On 19 February 2021, the Supreme Court handed down an historic judgment which is a resounding victory for Uber drivers, and will no doubt have implications across the gig economy now that the employment status of Uber drivers has been confirmed.
Uber has long argued that it acts as a booking agent, through which its drivers, as self-employed contractors, perform services under contracts made with passengers. Uber relied on the wording of its contracts between Uber and drivers and between Uber and passengers.
However, the Supreme Court rejected this argument, focusing not on the terms of the contracts but on the wider purpose of employment legislation, which is to give protection to vulnerable individuals whose work is controlled by a person or organisation. This led the Supreme Court to focus on the day-to-day realities of the working relationship between Uber and its drivers.
The judgment emphasises five key findings of the Employment Tribunal below, namely that Uber:
sets the fare and therefore the rate of pay of its drivers;
imposes contractual terms without giving drivers a say;
constrains its drivers' choice of when to work (by penalising certain drivers with a time-out);
controls how the service is delivered (through driver ratings, which if below the required standard, could see the drivers’ relationship with Uber terminated); and
restricts communication between drivers and passengers.
The Supreme Court ultimately concluded that the service performed by Uber’s drivers is tightly controlled by Uber, therefore concluding that the Employment Tribunal and Court of Appeal rightly found that the drivers were “workers”.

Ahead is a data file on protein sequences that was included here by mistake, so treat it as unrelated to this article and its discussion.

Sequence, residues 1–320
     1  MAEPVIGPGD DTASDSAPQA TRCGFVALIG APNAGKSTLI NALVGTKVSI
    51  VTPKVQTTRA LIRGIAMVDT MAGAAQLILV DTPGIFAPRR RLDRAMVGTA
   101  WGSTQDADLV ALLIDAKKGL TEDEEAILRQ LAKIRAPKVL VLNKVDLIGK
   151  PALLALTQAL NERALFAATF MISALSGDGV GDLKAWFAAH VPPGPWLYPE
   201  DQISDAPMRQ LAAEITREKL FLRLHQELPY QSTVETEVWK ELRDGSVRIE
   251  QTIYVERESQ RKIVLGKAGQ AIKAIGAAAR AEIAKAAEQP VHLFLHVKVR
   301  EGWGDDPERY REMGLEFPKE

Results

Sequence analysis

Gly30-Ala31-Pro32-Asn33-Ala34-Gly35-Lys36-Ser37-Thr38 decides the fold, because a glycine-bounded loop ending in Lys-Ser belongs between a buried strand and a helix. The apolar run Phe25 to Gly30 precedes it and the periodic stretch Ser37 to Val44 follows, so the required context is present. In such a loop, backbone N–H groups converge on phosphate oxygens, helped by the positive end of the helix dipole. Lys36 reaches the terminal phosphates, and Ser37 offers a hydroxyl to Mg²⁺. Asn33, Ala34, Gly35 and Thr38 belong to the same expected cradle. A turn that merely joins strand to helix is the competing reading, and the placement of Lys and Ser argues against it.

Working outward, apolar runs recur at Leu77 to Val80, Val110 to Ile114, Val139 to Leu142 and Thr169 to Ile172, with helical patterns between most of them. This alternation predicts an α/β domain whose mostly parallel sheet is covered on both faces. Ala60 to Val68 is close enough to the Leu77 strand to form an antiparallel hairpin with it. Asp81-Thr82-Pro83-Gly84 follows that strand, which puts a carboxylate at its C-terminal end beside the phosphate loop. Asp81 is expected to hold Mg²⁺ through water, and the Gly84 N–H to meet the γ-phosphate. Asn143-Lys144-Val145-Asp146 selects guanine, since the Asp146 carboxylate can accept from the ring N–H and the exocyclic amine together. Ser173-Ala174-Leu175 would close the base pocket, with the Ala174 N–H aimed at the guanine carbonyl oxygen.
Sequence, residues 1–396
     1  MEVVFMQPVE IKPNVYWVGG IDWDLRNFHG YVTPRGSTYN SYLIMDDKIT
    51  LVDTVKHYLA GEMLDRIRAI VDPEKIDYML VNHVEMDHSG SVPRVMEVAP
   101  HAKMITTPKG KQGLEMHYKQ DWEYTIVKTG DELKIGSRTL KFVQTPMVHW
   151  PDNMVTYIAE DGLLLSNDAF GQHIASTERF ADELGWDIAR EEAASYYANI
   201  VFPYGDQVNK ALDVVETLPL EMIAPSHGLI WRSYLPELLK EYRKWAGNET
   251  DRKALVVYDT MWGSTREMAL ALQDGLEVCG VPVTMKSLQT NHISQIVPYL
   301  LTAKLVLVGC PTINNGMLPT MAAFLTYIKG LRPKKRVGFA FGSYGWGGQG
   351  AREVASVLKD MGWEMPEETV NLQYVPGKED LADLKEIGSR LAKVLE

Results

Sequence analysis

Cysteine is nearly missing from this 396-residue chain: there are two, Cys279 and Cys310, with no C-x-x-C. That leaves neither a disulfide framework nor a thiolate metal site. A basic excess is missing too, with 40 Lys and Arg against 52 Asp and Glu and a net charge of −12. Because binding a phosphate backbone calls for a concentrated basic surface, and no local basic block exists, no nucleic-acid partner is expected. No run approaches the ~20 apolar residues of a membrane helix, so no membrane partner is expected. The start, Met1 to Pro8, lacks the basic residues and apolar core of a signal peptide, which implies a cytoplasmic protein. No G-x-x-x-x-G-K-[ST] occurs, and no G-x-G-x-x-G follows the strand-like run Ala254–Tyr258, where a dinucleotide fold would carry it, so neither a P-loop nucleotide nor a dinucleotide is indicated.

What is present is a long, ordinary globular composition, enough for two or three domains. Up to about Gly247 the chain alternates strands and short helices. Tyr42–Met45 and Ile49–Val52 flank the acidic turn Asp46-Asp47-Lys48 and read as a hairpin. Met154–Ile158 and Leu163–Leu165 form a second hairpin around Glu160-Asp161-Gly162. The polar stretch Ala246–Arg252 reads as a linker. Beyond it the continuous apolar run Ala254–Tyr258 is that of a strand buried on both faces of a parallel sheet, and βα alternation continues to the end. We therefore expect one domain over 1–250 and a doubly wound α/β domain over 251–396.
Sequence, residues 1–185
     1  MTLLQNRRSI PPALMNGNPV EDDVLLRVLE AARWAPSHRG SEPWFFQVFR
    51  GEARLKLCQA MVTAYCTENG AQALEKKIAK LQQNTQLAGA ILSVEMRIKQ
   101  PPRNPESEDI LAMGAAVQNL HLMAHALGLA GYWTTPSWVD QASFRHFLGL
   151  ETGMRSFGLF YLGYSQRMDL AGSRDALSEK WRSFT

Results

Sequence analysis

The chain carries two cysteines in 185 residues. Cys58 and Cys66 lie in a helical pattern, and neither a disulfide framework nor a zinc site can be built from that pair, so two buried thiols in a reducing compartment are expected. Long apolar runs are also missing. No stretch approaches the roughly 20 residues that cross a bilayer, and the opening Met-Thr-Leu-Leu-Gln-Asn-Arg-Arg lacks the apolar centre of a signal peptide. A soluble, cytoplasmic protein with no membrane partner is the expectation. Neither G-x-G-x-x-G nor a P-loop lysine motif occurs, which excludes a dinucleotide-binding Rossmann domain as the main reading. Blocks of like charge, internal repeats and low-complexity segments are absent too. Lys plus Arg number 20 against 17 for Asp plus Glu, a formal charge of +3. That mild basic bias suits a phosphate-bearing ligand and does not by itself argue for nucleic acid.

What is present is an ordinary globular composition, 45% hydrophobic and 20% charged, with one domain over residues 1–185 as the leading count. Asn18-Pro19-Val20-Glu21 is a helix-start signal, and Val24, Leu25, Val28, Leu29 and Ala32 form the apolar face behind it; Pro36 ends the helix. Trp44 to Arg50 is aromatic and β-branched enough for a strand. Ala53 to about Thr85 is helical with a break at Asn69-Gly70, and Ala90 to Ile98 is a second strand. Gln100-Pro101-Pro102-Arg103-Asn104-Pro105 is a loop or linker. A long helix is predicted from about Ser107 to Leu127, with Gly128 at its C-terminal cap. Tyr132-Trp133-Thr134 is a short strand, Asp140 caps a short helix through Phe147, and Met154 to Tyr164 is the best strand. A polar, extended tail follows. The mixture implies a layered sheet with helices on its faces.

What does this mean?
This judgment acts as helpful reminder of the basic principle in employment law, namely that there are three employment statuses: (1) those who are self-employed, (2) those who are workers and (3) those who are employees.
As workers, and not self-employed contractors, Uber drivers are entitled to basic rights such as minimum wage (including backpay of up to six years if claimed in the country court), up to 5.6 weeks’ paid annual leave each year, rest breaks, pension auto-enrolment and whistleblowing protections. Additionally, the Supreme Court judgment also confirmed that Uber drivers were working from the moment they were available for work in their area to the time when they switch their apps off at the end of the day – crucially, this is not limited to when the Uber drivers have passengers in their vehicles.
This judgment does not give Uber drivers ‘employee’ rights, such as the right to redundancy pay or to claim unfair dismissal. However, the judgment is undoubtedly a victory for Uber workers and workers in the gig economy generally and will likely see a flood of similar claims – with employers therefore potentially having to pay out years’ worth of minimum wage and holiday pay backpay.
What should employers and individuals be doing now?
Employers and individuals should be considering their working relationships and assessing the reality of the same. It is not enough to label an individual as self-employed, if the reality of the situation is different. The parties should be alive to their true relationships and the potential rights and obligations attached. Employers may need to accept the additional rights (and costs) associated with engaging workers or alternatively reconsider their fundamental structure, by ensuring that any self-employed contractors they engage are truly that. The Judgment does not automatically mean that all self-employed individuals are workers, as each case will rest on the facts. However, if a self-employed person is in fact a worker, they will have additional employment rights and could be due payments of compensation and back pay for annual leave, pension and minimum wage, for example.